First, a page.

Spending 45 years traversing the solar system really does a number on a spacecraft.
NASA's Voyager 1 mission launched in 1977, passed into what scientists call interstellar space in 2012 and just kept going — the spacecraft is now 14.5 billion miles (23.3 billion kilometers) away from Earth. And while Voyager 1 is still operating properly, scientists on the mission recently noticed that it appeared confused about its location in space without going into safe mode or otherwise sounding an alarm.
"A mystery like this is sort of par for the course at this stage of the Voyager mission," Suzanne Dodd, project manager for Voyager 1 and its twin, Voyager 2, at NASA's Jet Propulsion Laboratory in California, said in a statement.
"The spacecraft are both almost 45 years old, which is far beyond what the mission planners anticipated," Dodd added. "We're also in interstellar space — a high-radiation environment that no spacecraft have flown in before."
The glitch has to do with Voyager 1's attitude articulation and control system, or AACS, which keeps the spacecraft and its antenna in the proper orientation. And the AACS seems to be working just fine, since the spacecraft is receiving commands, acting on them and sending science data back to Earth with the same signal strength as usual. Nevertheless, the AACS is sending the spacecraft's handlers junk telemetry data.
The NASA statement does not specify when the issue began or how long it has lasted.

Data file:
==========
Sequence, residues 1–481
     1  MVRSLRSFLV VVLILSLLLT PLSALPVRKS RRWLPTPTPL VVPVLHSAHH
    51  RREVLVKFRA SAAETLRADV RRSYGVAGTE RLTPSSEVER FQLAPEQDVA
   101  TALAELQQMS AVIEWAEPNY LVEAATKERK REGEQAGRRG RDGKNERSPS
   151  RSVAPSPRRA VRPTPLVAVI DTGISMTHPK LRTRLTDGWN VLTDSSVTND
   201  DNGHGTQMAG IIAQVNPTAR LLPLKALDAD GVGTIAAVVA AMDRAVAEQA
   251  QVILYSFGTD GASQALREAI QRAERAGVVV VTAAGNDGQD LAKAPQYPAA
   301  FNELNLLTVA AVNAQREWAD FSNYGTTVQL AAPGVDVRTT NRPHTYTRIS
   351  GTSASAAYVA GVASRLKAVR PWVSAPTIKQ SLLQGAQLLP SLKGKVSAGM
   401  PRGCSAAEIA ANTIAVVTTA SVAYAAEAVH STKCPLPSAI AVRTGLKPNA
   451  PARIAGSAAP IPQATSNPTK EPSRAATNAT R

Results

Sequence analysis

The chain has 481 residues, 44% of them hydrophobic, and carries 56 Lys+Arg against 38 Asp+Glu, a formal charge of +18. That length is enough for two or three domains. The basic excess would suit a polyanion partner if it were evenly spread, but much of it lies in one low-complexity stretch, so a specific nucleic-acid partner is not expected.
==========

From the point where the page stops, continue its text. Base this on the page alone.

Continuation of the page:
The agency says that Voyager personnel will continue to investigate the issue and attempt to either fix or adapt to it. That's a slow process, since a signal from Earth currently takes 20 hours and 33 minutes to reach Voyager 1; receiving the spacecraft's response carries the same delay.
The twin Voyager 2 probe, also launched in 1977, is behaving normally, NASA said. The power the twin spacecraft can produce is always falling, and mission team members have turned some components off to save juice — measures they hope will keep the probes working through at least 2025.
"There are some big challenges for the engineering team," Dodd said. "But I think if there's a way to solve this issue with the AACS, our team will find it."
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Meghan is a senior writer at Space.com and has more than five years' experience as a science journalist based in New York City. She joined Space.com in July 2018, with previous writing published in outlets including Newsweek and Audubon. Meghan earned an MA in science journalism from New York University and a BA in classics from Georgetown University, and in her free time she enjoys reading and visiting museums. Follow her on Twitter at @meghanbartels.